If you have watched Mad Men, a TV drama series set in the early 1960s, you will likely remember the scene in season two where the Draper family are enjoying a relaxing picnic in a beautiful park. When it’s time to leave, Don (the father) casually throws his beer can into a nearby bush and Betty (the mother) shakes off the picnic blanket, depositing all the rubbish from their meal onto the grass, before heading to the car. The scene is horrifyingly laughable – surely no one would actually do that? Even if people were so flippant about littering in the past, decades after the show was set we would know better? Right?

Well, the sad truth is, today you only have to walk a few metres along some of our beaches and trails to find evidence of previous visitors – discarded bottles, crumpled packaging and all manner of consumer waste litters our natural spaces by the truckload. Even those with the best of intentions can leave their mark, albeit often unconsciously – collecting ‘souvenirs’ from natural spaces, treading on fragile plants and having a campfire all leaves a trace of your presence on the landscape.

There is an international movement called ‘Leave No Trace’ which has seven principles for enjoying natural spaces, but also minimising your impact on the environment.  Here’s some simple things you might consider doing next time you’re outdoors.   If you like what read make sure to head to Leave No Trace for more info.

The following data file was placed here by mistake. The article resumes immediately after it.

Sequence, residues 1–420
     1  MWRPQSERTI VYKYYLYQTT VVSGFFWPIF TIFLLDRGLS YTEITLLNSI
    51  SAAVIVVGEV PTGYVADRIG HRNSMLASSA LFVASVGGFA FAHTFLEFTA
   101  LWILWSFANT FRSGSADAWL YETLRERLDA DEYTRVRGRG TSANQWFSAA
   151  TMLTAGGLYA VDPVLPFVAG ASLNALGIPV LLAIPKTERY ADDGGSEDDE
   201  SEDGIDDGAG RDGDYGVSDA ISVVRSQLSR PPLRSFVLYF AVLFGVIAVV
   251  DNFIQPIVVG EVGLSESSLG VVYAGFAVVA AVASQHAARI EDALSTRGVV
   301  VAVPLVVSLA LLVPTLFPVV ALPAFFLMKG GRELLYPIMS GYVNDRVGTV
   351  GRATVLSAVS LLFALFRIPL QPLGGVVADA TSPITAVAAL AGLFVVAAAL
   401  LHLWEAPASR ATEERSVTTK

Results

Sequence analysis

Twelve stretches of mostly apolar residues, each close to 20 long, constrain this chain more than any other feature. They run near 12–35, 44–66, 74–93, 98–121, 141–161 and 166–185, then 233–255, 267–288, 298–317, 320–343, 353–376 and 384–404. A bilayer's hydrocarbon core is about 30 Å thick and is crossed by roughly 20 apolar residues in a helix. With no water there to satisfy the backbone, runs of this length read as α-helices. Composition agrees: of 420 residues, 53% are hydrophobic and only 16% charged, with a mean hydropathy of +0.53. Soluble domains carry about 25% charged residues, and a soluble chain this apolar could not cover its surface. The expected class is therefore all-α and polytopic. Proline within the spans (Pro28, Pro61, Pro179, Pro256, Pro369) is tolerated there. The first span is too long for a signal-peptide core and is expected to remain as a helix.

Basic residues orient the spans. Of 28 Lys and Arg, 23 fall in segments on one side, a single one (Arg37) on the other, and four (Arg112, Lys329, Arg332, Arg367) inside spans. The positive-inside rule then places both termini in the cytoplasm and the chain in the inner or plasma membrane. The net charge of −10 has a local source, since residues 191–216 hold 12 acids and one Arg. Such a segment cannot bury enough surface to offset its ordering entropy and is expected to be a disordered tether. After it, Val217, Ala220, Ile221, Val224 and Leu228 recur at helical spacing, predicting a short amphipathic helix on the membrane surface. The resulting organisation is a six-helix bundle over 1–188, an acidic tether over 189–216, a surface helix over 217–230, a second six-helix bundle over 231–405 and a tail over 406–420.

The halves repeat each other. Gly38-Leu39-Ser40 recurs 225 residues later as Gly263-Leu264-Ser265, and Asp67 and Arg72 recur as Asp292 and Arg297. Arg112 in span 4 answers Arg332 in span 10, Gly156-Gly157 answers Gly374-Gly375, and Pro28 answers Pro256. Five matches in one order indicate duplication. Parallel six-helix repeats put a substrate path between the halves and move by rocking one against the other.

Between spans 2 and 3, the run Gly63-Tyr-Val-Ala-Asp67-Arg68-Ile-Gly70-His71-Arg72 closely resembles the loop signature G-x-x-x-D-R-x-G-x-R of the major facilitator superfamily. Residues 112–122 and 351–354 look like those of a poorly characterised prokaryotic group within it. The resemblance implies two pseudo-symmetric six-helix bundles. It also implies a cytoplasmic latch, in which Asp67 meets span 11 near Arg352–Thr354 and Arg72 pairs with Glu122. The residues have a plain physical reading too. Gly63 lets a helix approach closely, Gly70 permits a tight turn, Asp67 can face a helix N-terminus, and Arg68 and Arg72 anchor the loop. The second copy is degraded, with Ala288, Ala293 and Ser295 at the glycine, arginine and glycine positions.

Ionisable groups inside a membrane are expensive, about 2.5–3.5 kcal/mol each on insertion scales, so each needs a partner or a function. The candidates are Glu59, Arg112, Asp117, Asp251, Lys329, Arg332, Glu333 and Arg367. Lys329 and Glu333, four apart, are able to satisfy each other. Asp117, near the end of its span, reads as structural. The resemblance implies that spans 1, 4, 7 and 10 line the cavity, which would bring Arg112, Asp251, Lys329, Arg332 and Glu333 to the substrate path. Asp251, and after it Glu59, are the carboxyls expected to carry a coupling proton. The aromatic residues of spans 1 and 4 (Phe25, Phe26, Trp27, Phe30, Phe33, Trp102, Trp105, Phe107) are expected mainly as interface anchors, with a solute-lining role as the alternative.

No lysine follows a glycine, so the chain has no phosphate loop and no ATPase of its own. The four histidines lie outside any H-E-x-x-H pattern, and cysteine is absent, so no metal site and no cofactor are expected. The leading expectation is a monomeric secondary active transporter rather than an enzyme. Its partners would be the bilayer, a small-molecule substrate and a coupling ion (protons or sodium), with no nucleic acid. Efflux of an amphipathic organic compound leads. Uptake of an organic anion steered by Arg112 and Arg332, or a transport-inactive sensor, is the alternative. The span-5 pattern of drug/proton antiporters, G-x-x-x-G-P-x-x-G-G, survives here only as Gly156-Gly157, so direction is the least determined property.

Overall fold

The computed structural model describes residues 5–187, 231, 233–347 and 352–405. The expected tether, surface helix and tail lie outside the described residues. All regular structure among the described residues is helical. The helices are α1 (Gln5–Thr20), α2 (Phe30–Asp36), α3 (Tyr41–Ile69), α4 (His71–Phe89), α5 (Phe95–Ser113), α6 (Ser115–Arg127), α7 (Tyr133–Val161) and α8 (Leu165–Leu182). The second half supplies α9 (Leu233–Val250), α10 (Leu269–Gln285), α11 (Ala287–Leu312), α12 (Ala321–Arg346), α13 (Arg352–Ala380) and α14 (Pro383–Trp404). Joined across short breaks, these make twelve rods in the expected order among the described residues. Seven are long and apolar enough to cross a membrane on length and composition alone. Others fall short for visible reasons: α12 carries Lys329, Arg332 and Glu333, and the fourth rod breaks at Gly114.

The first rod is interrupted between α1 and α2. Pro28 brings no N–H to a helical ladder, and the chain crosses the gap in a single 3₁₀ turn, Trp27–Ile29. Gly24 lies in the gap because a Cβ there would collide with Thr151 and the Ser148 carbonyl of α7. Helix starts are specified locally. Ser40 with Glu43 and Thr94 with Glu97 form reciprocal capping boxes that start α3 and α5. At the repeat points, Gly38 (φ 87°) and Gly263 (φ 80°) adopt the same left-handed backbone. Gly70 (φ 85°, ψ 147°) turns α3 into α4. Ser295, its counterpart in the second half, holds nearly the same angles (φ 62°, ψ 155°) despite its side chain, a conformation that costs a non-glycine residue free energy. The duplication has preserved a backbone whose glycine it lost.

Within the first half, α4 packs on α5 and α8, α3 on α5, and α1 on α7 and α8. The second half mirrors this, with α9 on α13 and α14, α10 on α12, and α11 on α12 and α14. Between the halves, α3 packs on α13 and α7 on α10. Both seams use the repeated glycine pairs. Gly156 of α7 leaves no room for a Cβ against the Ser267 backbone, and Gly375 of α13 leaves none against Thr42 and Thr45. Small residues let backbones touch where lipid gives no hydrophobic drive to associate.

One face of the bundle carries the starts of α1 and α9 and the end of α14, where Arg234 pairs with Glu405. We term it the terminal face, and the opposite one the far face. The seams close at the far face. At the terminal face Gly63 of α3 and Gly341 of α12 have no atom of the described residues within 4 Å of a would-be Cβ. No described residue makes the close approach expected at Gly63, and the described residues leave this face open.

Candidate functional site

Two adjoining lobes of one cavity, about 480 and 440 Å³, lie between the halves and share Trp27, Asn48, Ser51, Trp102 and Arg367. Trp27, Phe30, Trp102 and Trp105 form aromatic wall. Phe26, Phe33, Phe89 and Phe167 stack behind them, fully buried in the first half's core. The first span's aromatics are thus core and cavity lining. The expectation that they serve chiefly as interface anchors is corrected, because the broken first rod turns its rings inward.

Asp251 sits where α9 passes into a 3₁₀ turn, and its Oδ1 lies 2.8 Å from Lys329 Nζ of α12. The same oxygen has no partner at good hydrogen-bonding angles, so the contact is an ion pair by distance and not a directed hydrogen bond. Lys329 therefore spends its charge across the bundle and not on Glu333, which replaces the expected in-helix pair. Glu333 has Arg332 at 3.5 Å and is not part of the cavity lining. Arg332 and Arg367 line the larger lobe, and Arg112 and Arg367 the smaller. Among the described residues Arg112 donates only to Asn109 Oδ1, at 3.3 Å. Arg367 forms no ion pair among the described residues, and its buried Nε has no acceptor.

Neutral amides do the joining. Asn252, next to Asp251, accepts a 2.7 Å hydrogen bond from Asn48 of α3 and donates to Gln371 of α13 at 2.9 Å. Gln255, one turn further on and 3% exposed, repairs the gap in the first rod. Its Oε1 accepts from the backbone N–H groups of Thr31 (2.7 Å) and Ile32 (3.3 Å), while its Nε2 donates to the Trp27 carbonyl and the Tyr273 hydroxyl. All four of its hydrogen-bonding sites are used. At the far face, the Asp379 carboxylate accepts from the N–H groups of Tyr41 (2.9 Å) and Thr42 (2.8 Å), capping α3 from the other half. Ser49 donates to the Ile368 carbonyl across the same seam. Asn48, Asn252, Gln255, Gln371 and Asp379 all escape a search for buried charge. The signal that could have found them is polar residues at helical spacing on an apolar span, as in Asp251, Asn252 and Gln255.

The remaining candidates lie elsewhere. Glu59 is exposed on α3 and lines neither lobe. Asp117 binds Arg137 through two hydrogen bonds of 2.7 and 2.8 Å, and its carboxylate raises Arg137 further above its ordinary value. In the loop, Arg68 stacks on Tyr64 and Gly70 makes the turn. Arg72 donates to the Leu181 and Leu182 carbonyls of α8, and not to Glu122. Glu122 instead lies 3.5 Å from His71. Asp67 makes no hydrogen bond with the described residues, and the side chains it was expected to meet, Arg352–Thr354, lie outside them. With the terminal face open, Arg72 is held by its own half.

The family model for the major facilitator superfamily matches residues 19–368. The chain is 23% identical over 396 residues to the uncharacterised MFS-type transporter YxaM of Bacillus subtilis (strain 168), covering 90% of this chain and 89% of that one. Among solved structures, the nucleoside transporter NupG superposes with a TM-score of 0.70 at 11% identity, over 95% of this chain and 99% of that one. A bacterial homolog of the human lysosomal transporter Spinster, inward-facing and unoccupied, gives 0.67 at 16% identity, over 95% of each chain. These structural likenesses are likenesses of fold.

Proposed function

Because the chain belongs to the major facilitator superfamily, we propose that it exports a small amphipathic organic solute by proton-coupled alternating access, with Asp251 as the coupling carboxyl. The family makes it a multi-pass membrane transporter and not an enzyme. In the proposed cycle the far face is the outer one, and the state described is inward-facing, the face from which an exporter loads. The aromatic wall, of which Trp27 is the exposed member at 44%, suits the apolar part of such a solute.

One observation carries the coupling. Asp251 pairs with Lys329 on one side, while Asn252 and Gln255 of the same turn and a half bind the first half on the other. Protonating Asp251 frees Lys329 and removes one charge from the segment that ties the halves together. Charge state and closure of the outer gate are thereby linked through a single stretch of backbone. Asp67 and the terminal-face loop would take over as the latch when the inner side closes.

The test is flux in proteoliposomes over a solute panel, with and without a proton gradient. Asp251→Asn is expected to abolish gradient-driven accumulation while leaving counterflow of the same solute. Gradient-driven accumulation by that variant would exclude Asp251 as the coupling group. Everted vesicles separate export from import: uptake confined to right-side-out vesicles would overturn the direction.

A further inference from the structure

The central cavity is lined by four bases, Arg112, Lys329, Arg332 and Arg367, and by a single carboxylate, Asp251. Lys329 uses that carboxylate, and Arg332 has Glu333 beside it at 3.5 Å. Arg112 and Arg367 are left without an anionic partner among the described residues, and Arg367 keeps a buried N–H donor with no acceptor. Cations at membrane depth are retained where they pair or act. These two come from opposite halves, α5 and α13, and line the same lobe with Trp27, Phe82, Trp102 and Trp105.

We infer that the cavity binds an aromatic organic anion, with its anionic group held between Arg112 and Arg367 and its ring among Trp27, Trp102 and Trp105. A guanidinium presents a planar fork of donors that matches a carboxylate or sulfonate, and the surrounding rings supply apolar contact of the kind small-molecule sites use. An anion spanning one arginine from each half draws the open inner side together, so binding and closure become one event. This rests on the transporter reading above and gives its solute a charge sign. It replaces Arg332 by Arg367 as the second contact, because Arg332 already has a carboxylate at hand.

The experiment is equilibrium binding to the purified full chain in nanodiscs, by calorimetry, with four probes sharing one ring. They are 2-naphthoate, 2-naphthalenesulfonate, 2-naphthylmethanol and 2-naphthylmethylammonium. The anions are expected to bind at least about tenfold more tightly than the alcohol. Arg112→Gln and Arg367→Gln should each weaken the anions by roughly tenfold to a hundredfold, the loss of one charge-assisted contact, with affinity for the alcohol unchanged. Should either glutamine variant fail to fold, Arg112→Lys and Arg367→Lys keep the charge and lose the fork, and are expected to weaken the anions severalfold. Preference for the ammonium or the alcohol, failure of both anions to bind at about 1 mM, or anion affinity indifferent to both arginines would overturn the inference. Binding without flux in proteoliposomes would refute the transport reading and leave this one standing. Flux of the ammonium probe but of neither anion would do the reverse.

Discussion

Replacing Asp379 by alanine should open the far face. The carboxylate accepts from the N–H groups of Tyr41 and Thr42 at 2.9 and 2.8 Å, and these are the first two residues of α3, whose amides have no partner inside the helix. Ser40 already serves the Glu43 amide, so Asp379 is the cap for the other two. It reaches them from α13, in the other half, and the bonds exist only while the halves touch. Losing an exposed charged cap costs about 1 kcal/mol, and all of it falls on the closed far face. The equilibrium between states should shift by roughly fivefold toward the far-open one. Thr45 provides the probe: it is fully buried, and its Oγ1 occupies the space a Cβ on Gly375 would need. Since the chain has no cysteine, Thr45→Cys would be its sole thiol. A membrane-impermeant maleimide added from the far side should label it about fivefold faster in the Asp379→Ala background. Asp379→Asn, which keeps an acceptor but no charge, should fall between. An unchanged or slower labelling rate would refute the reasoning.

1. Plan Ahead and Prepare

Plan your route, check the weather, gather together appropriate clothing & equipment and make sure your first aid kit is on board. No one wants to find themselves stranded in the middle of the bush – shivering, wet and let’s face it, probably crying. If you’re organised and prepared, there’s a much lower chance you will be forced to leave a trace.

  1. Travel and Camp on Durable Ground

As much as leaping through the bush Bear Grylls-style looks super cool, stick to the trails – both for your own safety and the preservation of the environment. It may also seem fun to squish your boots into some spongy moss or stomp along some muddy banks, but that little moment of sensory entertainment can leave a mark on the environment that can sometimes take years recover.

  1. Dispose of Waste Properly

This one speaks for itself really – clean up all your rubbish! Even better, if you find some rubbish that other people have left, clean that up too!  Pack it in, pack it out.

  1. Leave What You Find

Humans, by nature, like to gather and collect. It’s easy to see a pretty shell or rock or other natural object and visualise how great it would look on that shelf you have back home; you might even start to spin a little story in your mind that you will tell visitors to your house about how you came by it. Objects in the outdoors have environmental and cultural significance, so if you do find something special, take a photo, then leave it where it belongs.  Let other people discover, appreciate and admire it too.

  1. Minimise the Effects of Fire

There is something undeniably appealing about sitting around a campfire, but too often they are lit carelessly and in the worst case scenario can cause widespread damage.  There are techniques for minimising damage, but if you can, consider not lighting a fire at all, use a gas stove for cooking and a lantern for light.

  1. Respect Wildlife and Farm Animals

They look cute and it may even seem like they’re asking, but don’t feed the birds or any other wildlife, it damages their health, alters natural behaviours, and exposes them to predators and other dangers. We need to share the outdoors not invade it.

  1. Be Considerate of Others

Respect others, share huts and leave gates as you found them. Basically, maintain courtesy and spread kindness.

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